Welfare Reform And Poverty – A Broken Link?

Policy in Practice examines the link between welfare reform and povertyThe latest child poverty statistics from the DWPs Households Below Average Income (HBAI) found that as of 2013/14, levels of poverty were broadly unchanged.

This is a surprise.

What Impact Has Welfare Reform Had On Poverty So Far?

Most people expected poverty to increase following the reductions in welfare spending introduced over the course of the last parliament.

A brave few may have expected it to fall as a result of welfare reforms aimed at encouraging people into work, combined with record employment rates.

On balance, poverty was expected to increase, certainly in the short term, since it is far too early for ‘prospects’ oriented reforms such as Universal Credit to have had any meaningful impact.

There were some changes. Policy In Practice’s own analysis found a rise in in-work poverty and the Joseph Rowntree Foundation pointed out an increase in poverty for households with a disabled person.  More on these later.

The overall message, acknowledged by commentators including John Rentoul, is that not too much has changed.

It would be too simplistic to suggest that the effect of welfare cuts and welfare reform would cancel each other out.

But we can draw parallels between two separate poverty reduction strategies.

Two Ways To Tackle Poverty: Pockets vs Prospects

Our report on Universal Credit looked at two different strategies to tackle poverty:

  1. A ‘Pockets’ approach that would rely more on cash transfers to lift people out of poverty.
  2. A ‘Prospects’ approach that would place a greater emphasis on employment and education.

The ‘Prospects’ approach would take longer to have impact but, if successful, would lead to sustainable falls in poverty.

This is particularly important in the context of the current debate about what will happen to tax credits in the emergency budget in July.

It is widely expected that Child Tax Credit will be cut, by as much as £1,400 per year for 3.7 million low income families, saving £5bn according to the IFS.

Child Tax Credit, unlike Working Tax Credit, is available to both in-work and out-of-work families with children and takes a ‘Pockets’ approach to tackling poverty. The Prime Minister and Chancellor argue that this is too expensive.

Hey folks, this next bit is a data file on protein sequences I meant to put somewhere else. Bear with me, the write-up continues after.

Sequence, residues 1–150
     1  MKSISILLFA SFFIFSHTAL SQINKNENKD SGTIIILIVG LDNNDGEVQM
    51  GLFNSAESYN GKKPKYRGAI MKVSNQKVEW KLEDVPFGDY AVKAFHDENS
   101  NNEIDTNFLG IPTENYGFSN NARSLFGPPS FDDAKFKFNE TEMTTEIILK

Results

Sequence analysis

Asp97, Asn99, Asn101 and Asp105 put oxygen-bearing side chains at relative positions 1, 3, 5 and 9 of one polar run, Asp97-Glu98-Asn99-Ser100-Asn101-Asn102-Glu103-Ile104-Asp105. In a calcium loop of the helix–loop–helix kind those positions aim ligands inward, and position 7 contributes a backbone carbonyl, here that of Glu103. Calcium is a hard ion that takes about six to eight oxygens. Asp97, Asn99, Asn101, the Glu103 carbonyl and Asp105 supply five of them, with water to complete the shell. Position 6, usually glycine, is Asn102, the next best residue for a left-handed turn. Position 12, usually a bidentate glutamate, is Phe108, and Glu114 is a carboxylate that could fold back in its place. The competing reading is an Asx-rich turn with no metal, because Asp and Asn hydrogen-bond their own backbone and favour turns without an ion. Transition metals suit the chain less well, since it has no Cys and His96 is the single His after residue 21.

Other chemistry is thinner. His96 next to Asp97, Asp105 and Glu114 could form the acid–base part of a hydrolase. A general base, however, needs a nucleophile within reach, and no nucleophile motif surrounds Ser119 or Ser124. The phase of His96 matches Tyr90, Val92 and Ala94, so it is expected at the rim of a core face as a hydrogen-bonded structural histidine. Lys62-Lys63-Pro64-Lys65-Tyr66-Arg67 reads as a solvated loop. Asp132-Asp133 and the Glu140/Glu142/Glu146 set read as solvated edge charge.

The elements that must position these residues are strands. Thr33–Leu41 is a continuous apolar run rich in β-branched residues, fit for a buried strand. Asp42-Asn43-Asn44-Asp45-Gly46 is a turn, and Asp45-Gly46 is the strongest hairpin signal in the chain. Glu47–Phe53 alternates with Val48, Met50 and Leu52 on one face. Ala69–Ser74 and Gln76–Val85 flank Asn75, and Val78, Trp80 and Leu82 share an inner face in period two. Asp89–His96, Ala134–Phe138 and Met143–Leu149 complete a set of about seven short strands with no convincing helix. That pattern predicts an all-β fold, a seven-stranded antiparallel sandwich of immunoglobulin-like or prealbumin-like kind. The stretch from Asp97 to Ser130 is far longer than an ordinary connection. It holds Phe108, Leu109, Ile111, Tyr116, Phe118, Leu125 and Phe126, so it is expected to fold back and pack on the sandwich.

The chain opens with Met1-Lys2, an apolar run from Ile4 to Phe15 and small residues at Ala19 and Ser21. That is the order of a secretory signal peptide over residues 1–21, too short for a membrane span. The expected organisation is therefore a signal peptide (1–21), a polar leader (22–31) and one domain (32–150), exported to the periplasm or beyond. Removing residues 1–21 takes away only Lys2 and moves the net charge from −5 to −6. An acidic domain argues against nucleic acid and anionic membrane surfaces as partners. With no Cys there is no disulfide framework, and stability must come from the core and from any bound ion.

Iain Duncan Smith has consistently argued against policies aiming at lifting people above an arbitrary level of income, as set by the poverty line.

The Work and Pensions Secretary favours a ‘Prospects’ approach to tackling poverty. His measures of tackling poverty relate to educational attainment, and work. He argues that reforms like Universal Credit will support more people into work and lead to a sustainable fall in poverty over time.

Yet, the government has so far failed to properly acknowledge that a ‘Prospects’ approach to tackling poverty needs to be funded too.

Whilst it is true that an ever increasing personal tax allowance does take a ‘prospects’ approach to increasing incomes, it excludes low earners, instead favouring middle income households.

A Better Way: Tackling Poverty Through Universal Credit

An alternative strategy favoured by Policy in Practice would be to lower the withdrawal rate of Universal Credit.

This would be far more cost-effective than increasing the personal tax allowance.

A fall in the withdrawal rate would show that the government was indeed serious about tackling poverty, but through prospects rather than pockets.

A lower withdrawal rate would support a greater number of low income households and support prospects by increasing the rewards for those that progress in work.

It would also make measures such as the living wage, argued for by the Prime Minister in his speech on tax credits, more effective by ensuring workers kept more of their higher wages.

Success Requires More Investment In Universal Credit

Our analysis of the poverty figures in the HBAI found that a growing proportion of families in poverty were in work.

This is perhaps the clearest evidence of success, if any can be claimed, of the government’s welfare reforms.

We must acknowledge that in-work poverty is a better outcome than out of work poverty, both in terms of the money in people’s pockets, and their prospects for the future.

At the same time, more needs to be done.

I was at a conference in Scotland recently and heard an excellent speech from a man named Ryan about the challenges he faced as a disabled person entering the labour market.

Disabled people are much less likely to be in employment than non-disabled people and those that are in work are more likely to be low paid employment.

A prospects approach would require additional support to help disabled people into the labour market, and overcome employer prejudices.

However, to tackle in-work poverty through prospects, the simplest and most straightforward measure the government could introduce would be to let low earners keep more of their earnings.

That is why the government should invest in Universal Credit.

The Link Between Welfare Reform and Poverty at a Household Level

Policy in Practice recently carried out a consultancy project for Leeds City Council to analyse the cumulative impact of welfare reforms at a household level.

The council knew that welfare reforms were set to have a big impact on the city overall but they had no way of knowing the impact that future reforms like Universal Credit would have.

By running its housing benefit data through Policy in Practice’s Universal Benefit Calculator they were able to understand the impact at an aggregate level and to pin point exactly how each household is affected by both current and upcoming welfare reforms.

They used this information to target and tailor their support on a household basis

If you want to read more about this work contact us to request a copy of the case study.

Leave a Reply